The DPLA is a national discovery tool for public domain and licensed digital content held by the nation’s archives, libraries, museums, and other cultural heritage institutions. It is aimed at providing large scale public access to these local depositories. Indiana Memory has been accepted as a service hub for DPLA, providing a way for content from the local organizations to be included in the national database.
The purpose of this meeting is to update the State on our progress, , including a report on our initial data upload, and to discuss potential governance models for Indiana’s DPLA statewide service hub. This will include a conversation on the process the State Library has created for getting the existing records ready for harvesting as well as a timeline for adding new collections. The attendees will also discuss a schedule for future meetings and future steps for the group.
The DPLA Indiana meeting will take place on Friday, March 6, 2015 from 1-3 pm in the History Reference Room of the Indiana State Library.
There is no cost for attending this meeting however we ask that participants pre-register at http://tinyurl.com/DPLAIndiana.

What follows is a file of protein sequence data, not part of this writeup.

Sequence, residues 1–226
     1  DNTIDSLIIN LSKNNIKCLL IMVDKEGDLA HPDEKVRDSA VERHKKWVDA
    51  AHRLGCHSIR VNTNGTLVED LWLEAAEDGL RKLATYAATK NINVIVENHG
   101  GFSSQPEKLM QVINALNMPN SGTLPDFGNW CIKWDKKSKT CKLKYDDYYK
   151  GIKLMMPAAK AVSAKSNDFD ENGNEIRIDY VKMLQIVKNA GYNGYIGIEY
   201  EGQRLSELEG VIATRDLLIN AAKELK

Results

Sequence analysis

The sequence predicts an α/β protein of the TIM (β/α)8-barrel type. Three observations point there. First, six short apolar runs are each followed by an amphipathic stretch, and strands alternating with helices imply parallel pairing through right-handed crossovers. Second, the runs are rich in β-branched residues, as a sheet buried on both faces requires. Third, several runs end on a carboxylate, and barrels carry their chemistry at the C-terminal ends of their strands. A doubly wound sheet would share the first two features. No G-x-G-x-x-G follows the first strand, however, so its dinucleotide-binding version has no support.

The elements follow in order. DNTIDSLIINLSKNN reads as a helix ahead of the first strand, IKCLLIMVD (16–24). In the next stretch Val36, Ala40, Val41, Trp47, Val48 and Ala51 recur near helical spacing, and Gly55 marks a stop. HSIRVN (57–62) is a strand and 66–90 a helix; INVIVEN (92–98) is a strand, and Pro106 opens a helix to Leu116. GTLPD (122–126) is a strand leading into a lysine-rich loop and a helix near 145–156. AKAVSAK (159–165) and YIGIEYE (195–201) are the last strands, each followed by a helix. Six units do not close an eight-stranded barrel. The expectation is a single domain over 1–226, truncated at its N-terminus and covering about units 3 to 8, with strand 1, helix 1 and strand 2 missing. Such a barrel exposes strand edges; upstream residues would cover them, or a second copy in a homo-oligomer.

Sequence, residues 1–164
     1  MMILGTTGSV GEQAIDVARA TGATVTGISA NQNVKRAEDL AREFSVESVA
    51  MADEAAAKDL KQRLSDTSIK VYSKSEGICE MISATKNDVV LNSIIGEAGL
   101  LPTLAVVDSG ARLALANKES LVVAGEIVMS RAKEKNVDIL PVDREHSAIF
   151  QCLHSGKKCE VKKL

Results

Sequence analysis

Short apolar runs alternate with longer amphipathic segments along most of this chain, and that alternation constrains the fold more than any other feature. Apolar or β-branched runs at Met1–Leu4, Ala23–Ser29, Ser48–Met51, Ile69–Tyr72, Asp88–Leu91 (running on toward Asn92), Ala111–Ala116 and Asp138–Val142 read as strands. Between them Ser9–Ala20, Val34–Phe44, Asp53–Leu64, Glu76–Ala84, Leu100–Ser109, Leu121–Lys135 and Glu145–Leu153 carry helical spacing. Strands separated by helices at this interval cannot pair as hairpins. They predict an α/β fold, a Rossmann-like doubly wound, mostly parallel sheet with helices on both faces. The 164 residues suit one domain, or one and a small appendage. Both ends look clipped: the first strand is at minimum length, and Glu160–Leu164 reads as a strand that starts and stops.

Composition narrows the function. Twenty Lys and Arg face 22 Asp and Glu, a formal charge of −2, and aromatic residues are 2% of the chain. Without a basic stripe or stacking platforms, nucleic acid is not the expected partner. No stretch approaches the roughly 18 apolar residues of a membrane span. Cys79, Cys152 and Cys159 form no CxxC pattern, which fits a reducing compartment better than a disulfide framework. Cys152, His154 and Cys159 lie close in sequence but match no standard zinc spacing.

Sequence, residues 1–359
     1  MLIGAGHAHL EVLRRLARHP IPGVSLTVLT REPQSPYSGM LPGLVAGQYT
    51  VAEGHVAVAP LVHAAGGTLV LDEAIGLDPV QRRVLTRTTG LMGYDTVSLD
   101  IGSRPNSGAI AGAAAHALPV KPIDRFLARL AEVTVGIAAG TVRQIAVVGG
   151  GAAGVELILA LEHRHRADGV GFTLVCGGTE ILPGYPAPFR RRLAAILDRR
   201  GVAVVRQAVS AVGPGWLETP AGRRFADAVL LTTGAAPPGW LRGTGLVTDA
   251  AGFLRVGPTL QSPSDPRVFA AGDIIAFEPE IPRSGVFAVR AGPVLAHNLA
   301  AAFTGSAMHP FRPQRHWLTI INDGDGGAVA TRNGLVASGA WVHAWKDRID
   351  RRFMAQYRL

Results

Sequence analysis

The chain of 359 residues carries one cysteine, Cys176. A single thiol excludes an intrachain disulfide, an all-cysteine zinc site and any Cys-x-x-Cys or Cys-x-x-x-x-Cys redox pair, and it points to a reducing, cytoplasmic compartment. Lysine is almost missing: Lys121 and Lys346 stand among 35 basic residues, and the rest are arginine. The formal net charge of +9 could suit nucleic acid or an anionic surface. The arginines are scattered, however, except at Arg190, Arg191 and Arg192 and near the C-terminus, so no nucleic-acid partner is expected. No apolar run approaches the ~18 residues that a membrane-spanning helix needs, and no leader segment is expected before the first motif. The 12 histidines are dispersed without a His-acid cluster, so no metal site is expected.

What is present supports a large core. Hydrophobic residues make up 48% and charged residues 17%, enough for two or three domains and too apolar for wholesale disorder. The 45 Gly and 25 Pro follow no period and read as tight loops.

For more information contact:
Steven Schmidt, Library Development Office, Indiana State Library firstname.lastname@example.org
From DPLAFest Organizing Committee:
We’re excited to invite you to join us atJ DPLAfest 2015, taking place on April 17-18, 2015 in Indianapolis, Indiana. Our hosts include the Indianapolis Public Library (Central), the Indiana State Library, the IUPUI University Library, and the Indiana Historical Society.
DPLAfest brings together the full range of the cultural heritage sector to discuss everything from technology and development, to content, law, and education. DPLAfest 2015 will appeal to librarians, archivists, museum professionals, developers and technologists, publishers and authors, teachers and students, and members of the public alike who are interested in an engaging mix of interactive workshops, hackathons, engaging discussions with community leaders and practitioners, fun events, and so much more.
Registration for DPLAfest 2015 is now open. We invite all those interested from the general public, the educational community, public and research libraries, cultural organizations, state and local government, the creative community, publishers, and private industry to join us for conversation and community building as we celebrate our second year of success.